Speeches

Appropriation Bill Speech

August 01, 2019

Listening to the member for New England, it is very clear to me that he shares my view this is a government with very little vision. It needs more vision than it has, not just for New England but also for my electorate of Macquarie. It's been so clear in the week since the election that this government is visionless, directionless and very, very tired. It's all well and good to give an area attention in the few weeks leading up to an election, but it's what comes after that counts. It's the vision that you have for the area and how you deliver that vision that really matters. That comes from the conversations that you have with the people on the ground who make our local towns and villages tick: the people who work in our hospitals and our aged care facilities and who teach in our schools; the people who run small businesses and work in small businesses; the people who do the school run and fill up their cars with petrol at the local petrol station; the ones who scan your groceries as you go through the check-out or do the dishes in your local restaurant or drive the school bus or deliver your pizza on a Friday night.


What is really so obvious to me, as we stand here at the end of our first major sitting fortnight, is that the Morrison government's plan for these people is non-existent. They have a plan to attack the Labor Party, but a plan to attack the Labor Party for the next three years doesn't pay for the groceries or cover the electricity bill. A plan to attack Labor for the next three years doesn't make the commute to work any shorter or lower your childcare fees or give you a job. Attacking the opposition isn't being in government. I don't think this government has worked that out yet, after six long years.


My community has an absolute right to vote for who they want to represent them, but they also have a right to expect that a federal government, whatever federal government is elected, will support them to provide them with the services that they need, no matter who the local member is. So how about some vision for the Hawkesbury and the Blue Mountains? I've got a few ideas where you could start. Let's start with infrastructure projects that need doing in the Blue Mountains and Hawkesbury, which, quite frankly, could have been done any time in the last six years. Project idea No. 1: the Hawkesbury Heights bike and walking path. This is a crucial piece of human infrastructure because it's helping humans have a better life. It's about being able to walk or ride from Hawkesbury Heights to connect with Winmalee, where the shopping centre is and the schools are. Right now it is a major thoroughfare and people take their lives into their hands even when they walk on the side of this busy road. We want to give mums a safe place to walk with their prams. We want to give kids a safe place to ride with their bikes to school or after school. We want to give older people a safe place to get some exercise. The opportunity to do this was really evident after the 2013 bushfires, when that natural disaster had done a lot of the work of clearing the pathway. But of course there was a missed opportunity. This government missed an opportunity, as Liberals do. We committed $400,000 in the last election, as did state Labor. The government hasn't matched that, but the government could.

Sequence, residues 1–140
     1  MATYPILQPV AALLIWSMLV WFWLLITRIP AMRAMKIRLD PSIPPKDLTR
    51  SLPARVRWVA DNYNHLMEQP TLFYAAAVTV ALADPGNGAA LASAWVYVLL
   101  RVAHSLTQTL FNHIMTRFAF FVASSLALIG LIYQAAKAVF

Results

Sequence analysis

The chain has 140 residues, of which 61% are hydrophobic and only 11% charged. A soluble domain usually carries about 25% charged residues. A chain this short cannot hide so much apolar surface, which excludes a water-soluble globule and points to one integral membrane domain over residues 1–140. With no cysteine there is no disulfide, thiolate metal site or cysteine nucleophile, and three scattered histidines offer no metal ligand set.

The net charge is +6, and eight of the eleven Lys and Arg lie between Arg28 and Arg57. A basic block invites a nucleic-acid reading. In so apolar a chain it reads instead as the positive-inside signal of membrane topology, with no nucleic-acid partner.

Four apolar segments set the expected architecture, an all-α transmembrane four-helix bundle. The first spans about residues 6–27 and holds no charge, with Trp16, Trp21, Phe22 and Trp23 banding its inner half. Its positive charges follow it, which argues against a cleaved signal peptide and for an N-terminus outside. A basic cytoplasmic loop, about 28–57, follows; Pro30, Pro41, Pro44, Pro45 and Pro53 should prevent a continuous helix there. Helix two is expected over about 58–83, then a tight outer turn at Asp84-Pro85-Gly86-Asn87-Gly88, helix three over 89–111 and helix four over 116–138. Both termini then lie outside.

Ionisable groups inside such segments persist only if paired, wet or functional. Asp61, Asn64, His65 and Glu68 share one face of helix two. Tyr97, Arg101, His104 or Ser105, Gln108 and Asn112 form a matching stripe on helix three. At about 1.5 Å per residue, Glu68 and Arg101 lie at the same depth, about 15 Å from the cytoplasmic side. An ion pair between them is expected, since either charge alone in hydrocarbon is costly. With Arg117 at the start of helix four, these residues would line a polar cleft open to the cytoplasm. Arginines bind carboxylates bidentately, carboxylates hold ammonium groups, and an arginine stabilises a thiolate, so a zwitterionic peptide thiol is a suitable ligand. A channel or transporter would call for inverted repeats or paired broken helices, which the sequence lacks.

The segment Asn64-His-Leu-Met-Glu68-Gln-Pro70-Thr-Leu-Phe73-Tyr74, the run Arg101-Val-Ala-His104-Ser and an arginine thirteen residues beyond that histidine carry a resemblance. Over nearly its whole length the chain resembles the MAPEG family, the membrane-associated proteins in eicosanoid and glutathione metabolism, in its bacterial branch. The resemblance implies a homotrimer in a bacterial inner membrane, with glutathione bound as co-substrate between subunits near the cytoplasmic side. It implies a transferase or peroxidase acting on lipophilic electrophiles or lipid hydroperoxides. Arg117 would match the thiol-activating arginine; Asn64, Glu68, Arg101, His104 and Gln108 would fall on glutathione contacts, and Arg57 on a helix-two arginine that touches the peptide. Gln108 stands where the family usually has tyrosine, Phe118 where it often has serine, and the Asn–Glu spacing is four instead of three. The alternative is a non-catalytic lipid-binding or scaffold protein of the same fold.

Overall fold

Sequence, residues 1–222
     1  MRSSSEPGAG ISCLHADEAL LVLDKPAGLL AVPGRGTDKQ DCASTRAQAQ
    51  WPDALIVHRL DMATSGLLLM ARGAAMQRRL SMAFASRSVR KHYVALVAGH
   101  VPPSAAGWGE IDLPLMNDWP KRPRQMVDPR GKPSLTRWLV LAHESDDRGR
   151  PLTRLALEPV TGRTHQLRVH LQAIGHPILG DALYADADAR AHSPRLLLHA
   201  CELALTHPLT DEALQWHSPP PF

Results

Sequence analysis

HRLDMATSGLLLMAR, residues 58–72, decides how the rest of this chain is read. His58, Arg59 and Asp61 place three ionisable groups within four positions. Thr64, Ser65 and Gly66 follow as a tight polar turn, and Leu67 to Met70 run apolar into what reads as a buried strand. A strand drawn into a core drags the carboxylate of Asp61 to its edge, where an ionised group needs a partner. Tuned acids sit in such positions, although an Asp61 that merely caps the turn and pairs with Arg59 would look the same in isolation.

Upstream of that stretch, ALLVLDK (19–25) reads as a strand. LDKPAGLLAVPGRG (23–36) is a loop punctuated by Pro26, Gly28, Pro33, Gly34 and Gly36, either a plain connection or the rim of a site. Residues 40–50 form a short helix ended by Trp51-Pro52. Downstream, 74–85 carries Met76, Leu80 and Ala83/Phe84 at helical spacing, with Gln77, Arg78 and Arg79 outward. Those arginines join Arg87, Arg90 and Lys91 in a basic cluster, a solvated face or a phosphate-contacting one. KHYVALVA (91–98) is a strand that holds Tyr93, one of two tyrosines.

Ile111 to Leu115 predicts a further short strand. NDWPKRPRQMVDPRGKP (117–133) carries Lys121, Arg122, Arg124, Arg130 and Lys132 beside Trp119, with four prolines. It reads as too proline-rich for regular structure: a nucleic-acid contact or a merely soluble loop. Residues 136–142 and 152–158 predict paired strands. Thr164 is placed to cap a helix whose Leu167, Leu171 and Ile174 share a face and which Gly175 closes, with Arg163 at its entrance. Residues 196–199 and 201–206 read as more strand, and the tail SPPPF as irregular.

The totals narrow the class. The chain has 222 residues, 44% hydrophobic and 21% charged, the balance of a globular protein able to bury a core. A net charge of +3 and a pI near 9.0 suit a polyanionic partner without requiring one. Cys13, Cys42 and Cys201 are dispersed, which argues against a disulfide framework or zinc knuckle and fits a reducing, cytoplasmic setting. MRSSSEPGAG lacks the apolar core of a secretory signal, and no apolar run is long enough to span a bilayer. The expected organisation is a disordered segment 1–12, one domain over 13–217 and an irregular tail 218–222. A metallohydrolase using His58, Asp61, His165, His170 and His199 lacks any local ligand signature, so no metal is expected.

Project idea No. 2: safety upgrades to the notorious stretch of Great Western Highway at Faulconbridge. We made a $15 million commitment in the campaign that, had we won government, we would have delivered on this piece of really crucial Great Western Highway road. The government didn't bother matching it, yet this is a really busy stretch of road that anyone who uses it can see is a disaster waiting to happen. Cyclists in particular have been campaigners for this stretch of road to be upgraded because they do take their life in their hands every time they ride up or down that stretch. So there's another idea.


Project idea No. 3: Blaxland commuter car park. I heard the minister talking about a station car park upgrade in the neighbouring seat of Lindsay today. That's nice, and we welcome that, but one of the reasons mountains people drive down to Emu Plains station is that the parking is hopeless at Blaxland. How about upgrading Blaxland car park? We committed $2 million towards this project. It's a quick infrastructure project that would improve the quality of life for people in that area, not just the people who park there but the residents who now face extra cars through their streets because the car park is overflowing by about 7.30 in the morning.